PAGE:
Adam Feldman, a Supreme Court scholar who tracks court-related data on his Empirical SCOTUS blog, pointed to Trump’s rise of controversial judges on the Fifth Circuit as a reason why many of his cases have been reviewed by the superior court. .

Trump appointed six of the active judges on the Fifth Circuit, plus about two dozen Trump appointees who sit on the district courts the circuit covers.

Some of those judges have developed a tendency to write separate opinions in important cases asking the high court to take aggressive opinions on the law.

“So I think that contributes to the Fifth Circuit being more of a focal point in terms of Supreme Court review than it has been in the past,” Feldman said.

There are additional incentives for Republican attorneys general and other conservative litigants to bring their lawsuits in the Fifth Circuit. Federal district courts in Texas are divided in such a way that, in certain divisions, only one or two judges are assigned the vast majority of cases.

Right-wing litigants have been accused of exploiting that system to elect their judges. The abortion pill case was heard in one of those single-judge courts, and the judge, appointed by Trump, issued a now-suspended ruling that would have removed the abortion drug from the market.

Vladeck pointed to two related things happening together: Right-wing groups and plaintiffs direct cases to the Fifth Circuit, where they could get a sympathetic panel of judges and perhaps eventually take those cases to the conservative-majority Supreme Court.

“Someone might say, ‘You know, where else is Texas supposed to sue?’ but the claims that Texas brings are claims that any state could bring. Republican state attorneys general are choosing to file these lawsuits in Texas,” he said. “They do it for a reason. And that reason is the same reason why the Supreme Court is now in this position.”

In recent weeks, the policymaking body of the federal judiciary issued guide encourage courts to adopt case assignment systems that would curb litigants’ efforts to funnel cases with national consequences to single-judge divisions. However, the new recommendations are optional and the U.S. District Court for the Northern District of Texas – where the abortion pill case was filed – has said will not make changes to its case assignment protocols.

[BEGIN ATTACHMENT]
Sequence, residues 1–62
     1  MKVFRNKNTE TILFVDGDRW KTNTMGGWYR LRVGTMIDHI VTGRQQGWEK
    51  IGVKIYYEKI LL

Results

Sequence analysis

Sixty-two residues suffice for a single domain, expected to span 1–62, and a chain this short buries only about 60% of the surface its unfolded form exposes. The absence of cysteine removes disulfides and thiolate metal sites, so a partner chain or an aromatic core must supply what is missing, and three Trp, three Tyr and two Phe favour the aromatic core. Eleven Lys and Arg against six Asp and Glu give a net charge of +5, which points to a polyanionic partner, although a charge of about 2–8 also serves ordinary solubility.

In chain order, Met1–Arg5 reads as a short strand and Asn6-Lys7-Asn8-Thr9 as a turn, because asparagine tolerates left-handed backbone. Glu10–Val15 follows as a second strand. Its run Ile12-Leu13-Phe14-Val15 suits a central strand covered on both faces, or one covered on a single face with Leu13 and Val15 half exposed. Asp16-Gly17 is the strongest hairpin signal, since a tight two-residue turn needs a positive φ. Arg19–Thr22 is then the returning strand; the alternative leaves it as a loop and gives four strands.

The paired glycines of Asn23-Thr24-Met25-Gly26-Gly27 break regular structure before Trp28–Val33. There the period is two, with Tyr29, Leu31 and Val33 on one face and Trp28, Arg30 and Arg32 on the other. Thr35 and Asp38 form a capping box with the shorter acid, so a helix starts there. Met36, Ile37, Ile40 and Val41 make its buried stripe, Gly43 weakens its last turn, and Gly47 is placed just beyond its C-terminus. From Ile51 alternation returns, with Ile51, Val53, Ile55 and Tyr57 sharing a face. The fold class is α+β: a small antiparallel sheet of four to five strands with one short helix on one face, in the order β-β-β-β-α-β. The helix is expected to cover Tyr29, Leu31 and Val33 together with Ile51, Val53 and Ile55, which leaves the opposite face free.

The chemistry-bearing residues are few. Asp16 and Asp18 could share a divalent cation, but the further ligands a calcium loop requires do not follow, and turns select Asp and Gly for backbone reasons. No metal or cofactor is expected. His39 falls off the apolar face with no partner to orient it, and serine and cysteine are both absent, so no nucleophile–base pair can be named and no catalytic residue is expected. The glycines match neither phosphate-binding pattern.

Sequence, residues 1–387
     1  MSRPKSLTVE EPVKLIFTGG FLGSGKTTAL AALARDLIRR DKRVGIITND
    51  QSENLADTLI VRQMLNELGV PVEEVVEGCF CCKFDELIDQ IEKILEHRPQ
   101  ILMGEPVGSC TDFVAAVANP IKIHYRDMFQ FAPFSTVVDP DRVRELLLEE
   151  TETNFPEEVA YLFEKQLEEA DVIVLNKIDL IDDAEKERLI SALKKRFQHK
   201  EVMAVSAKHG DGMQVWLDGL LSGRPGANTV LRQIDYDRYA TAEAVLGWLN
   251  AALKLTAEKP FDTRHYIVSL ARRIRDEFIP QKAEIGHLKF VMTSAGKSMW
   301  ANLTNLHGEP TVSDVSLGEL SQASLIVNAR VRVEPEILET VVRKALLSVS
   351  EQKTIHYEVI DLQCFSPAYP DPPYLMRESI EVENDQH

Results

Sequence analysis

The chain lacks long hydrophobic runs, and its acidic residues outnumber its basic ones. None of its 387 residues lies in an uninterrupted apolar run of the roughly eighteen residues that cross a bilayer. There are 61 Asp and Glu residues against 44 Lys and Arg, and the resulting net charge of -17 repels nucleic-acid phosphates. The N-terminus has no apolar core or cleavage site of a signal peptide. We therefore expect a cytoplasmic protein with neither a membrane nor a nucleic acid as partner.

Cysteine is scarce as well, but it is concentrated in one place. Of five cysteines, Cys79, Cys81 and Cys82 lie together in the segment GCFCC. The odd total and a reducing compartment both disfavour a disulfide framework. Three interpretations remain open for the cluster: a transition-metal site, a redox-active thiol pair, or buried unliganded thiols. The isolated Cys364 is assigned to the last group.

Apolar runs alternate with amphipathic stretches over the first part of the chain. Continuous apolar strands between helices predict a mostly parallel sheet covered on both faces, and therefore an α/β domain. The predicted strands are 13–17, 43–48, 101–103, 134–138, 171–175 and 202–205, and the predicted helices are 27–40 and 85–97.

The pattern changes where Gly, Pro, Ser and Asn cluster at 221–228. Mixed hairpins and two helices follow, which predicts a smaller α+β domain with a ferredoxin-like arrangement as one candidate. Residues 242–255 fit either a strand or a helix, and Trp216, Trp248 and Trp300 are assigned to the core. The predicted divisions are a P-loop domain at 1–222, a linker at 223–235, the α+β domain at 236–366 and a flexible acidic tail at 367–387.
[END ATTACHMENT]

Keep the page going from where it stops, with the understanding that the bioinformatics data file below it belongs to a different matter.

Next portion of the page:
Shadow File Showdowns

The tension between the Fifth Circuit’s relentless boldness and the Supreme Court’s relatively more deliberative approach is most evident on the high court’s shadow agenda, where justices have just days to decide whether to stay lower court rulings.

One of those episodes, which arose from a lawsuit targeting the Biden administration’s efforts to curb online misinformation, concerned a court order partially upheld by the Fifth Circuit that would have restricted the types of communications that certain administration officials Biden could have with social media companies. The justices – despite public disagreement from three conservative members of the high court – temporarily lifted the restrictions and heard oral arguments in March.

Earlier this year, a 5-4 Supreme Court Cast out a Fifth Circuit order that prevented the US Border Patrol from removing razor wire installed on the US-Mexico border by Texas Governor Greg Abbott.

There were also dramatic back-and-forths in the late summer and early fall over the Biden administration’s regulations banning so-called ghost guns, which are untraceable homemade firearms.

The high court voted for the first time 5-4 in favor reset regulations in August, putting on hold a lower court judge’s ruling – which the Fifth Circuit had not altered – that would have invalidated the ban. Two months later, the Biden administration asked the Supreme Court to intervene again after the Fifth Circuit left in place a lower court judge’s ruling blocking regulations for two manufacturers in particular.

Those actions by the lower courts, U.S. Attorney General Elizabeth Prelogar told the Supreme Court, “effectively nullified this Court’s authoritative determination of the status quo that should prevail during the appellate proceedings in this case.”

The Supreme Court revived the regulations once again, in a brief order with no dissent noted.